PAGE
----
Later this morning, at 9:30 a.m., the MTA Board will convene for its monthly meeting. Unlike previous months’ gatherings, February’s will be a fairly routine one. The service cut proposals are being digested, and while MTA CEO and Chairman Jay Walder will field some questions on yesterday’s announcement on job cuts, the big-ticket budgetary items won’t arise again until after next month’s public hearings.
Yet, the meetings will not be without some raucous controversy. Each month, the MTA begins its meeting with a public comment period, and today’s should witness some strident comments. TWU officials will speak out against the plan to lay off 500 union workers, and rider advocacy representatives will again bemoan the cuts. The biggest group there to present demands of the MTA will be the Students for Transportation Justice, an alliance of students seemingly organized with the help of the Working Families Party.
According to a release emailed out to writers last night, this coalition of student groups will attend the board meeting in an effort to gain an audience with Walder and to protest the planned elimination of the free Student MetroCard program. The students, said the WFP, “will attempt to deliver a letter to Chairman Walder signed by thousands of students, parents, and activists asking that the MTA hold an open meeting with student leaders and act to save student MetroCards.”
This isn’t the first time these students have tried to get Walder’s attention. Students for Transportation Justice sent Walder a letter in early February that went ignored, and the Working Families Party volunteered its services in a petition drive. As of this writing, the petition has received 13,391 signatures, and the WFP is trying to drum up support from a total of 50,000 New Yorkers.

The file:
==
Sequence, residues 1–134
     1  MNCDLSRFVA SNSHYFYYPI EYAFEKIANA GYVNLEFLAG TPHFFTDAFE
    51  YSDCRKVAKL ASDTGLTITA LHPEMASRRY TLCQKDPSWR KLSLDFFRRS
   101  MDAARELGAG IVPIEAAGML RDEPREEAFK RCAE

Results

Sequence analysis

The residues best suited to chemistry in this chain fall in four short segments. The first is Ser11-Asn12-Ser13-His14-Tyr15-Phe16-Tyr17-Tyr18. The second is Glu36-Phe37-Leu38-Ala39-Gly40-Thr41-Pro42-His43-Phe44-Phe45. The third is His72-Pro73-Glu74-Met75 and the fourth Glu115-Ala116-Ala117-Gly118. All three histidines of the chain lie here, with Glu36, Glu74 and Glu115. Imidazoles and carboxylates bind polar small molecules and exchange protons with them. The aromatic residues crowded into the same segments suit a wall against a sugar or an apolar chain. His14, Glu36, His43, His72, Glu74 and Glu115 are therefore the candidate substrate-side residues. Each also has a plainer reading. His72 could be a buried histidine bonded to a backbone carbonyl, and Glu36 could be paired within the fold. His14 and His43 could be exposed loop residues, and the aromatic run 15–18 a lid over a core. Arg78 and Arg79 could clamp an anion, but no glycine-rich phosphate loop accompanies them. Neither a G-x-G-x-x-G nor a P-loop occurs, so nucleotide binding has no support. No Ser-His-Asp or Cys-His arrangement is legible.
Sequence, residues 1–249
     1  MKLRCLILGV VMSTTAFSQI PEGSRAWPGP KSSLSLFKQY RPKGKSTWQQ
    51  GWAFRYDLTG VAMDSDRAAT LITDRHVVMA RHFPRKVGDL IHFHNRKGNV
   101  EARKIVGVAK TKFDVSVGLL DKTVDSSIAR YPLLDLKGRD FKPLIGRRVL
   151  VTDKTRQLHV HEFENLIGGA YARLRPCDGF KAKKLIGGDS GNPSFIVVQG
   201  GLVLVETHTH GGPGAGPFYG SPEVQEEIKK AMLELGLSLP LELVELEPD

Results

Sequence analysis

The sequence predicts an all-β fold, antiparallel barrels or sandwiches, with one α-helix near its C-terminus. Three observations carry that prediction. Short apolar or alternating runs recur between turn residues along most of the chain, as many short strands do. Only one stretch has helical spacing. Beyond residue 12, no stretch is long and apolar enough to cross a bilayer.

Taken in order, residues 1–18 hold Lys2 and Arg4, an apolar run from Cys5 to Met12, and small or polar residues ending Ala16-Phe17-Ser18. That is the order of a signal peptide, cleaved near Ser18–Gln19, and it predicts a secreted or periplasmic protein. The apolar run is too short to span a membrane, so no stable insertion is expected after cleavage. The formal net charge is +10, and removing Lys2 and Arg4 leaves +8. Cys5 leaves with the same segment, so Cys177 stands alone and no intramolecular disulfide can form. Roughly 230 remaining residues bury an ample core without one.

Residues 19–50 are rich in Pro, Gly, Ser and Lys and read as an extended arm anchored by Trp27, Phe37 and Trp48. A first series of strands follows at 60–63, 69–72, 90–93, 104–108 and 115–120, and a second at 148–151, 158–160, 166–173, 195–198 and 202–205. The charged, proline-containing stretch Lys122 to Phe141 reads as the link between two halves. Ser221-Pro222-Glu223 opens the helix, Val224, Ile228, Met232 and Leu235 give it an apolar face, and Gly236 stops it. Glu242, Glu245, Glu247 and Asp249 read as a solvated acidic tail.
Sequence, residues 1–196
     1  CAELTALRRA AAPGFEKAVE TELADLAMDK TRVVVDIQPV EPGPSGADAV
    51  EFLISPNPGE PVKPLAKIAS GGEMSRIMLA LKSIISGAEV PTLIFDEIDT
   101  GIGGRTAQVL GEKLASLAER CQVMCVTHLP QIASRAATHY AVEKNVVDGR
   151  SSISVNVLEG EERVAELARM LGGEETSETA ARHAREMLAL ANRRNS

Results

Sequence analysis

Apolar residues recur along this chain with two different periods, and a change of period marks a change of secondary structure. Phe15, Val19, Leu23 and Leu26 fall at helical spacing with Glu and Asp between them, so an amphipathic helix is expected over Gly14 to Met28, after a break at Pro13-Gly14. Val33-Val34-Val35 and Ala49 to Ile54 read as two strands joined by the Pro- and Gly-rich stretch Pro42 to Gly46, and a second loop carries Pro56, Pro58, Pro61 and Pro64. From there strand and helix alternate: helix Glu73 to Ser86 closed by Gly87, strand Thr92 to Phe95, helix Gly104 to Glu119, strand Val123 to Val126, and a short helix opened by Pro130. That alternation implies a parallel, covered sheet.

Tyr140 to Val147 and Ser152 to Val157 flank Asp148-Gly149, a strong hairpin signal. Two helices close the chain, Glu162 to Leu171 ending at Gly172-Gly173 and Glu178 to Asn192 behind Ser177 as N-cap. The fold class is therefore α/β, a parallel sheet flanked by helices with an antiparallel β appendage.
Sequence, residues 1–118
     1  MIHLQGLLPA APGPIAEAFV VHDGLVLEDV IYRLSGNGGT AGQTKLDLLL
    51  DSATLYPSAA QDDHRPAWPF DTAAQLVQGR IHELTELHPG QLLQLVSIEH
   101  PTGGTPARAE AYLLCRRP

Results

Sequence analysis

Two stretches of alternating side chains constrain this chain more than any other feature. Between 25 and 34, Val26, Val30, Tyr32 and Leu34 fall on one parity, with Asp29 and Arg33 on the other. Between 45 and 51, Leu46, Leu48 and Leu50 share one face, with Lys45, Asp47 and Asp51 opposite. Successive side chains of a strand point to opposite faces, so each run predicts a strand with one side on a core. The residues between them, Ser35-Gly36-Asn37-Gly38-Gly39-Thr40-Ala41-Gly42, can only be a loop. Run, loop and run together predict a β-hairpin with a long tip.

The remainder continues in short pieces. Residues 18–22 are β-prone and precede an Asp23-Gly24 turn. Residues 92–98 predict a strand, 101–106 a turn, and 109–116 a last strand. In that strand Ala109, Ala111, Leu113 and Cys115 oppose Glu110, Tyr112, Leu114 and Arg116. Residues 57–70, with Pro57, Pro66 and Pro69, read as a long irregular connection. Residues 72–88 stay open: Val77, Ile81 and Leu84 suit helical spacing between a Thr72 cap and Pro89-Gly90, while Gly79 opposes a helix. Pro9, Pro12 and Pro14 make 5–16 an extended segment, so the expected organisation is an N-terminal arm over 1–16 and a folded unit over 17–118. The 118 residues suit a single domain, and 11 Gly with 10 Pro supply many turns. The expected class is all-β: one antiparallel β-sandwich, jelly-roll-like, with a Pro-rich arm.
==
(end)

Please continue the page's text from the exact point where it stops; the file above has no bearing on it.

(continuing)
There is but one problem with the WFP and its platform: It’s completely directed at the wrong people. Sure, these students can show up at MTAHQ later this morning and speak their minds during the opening minutes of the board meeting. They can also make a show of calling on the MTA to save Student MetroCards, but they will be preaching to the choir. It’s a matter of economics, and right now, the MTA does not have the money to fund free transit for students and shouldn’t be picking up the political slack on student transportation either.
The MTA said as much to me last week. “We agree that school children should not have to pay to get to school, but funding this service is the responsibility of the State and City,” Jeremy Soffin, agency spokesperson, said. “The MTA has been called the yellow school bus for New York City, and that’s a good analogy. All over the state school kids get picked up by yellow school buses, and they don’t pay to ride. But the bus doesn’t show up unless state or local government pays the bus company.”
Still, the Working Families Party, a pro-teachers union organization, is turning to the MTA and not to politicians who control the purse strings. Were the WFP to spend their efforts speaking out about Albany’s and City Hall’s dereliction of duty when it comes to funding for student transportation, attention would inevitably fall on the Department of Education. Why doesn’t the DOE fund student travel as DOEs do throughout the state and country? Eventually, pressure would build on the education officials, and the DOE would have to find more money for transportation. Pressure on the DOE would bring nothing but scrutiny to a beleaguered teachers union, and the Working Families Party can’t have that.
So we’re left with a movement with a message that winds up falling on the wrong ears. The WFP can rile up the crowd. They, as so many politicians do these days, can dump on the MTA. But it will be all for naught. Until activist groups and political parties put real pressure on Albany and City Hall, the MTA will be left flapping in the wind with empty pockets and no plans for free student MetroCards.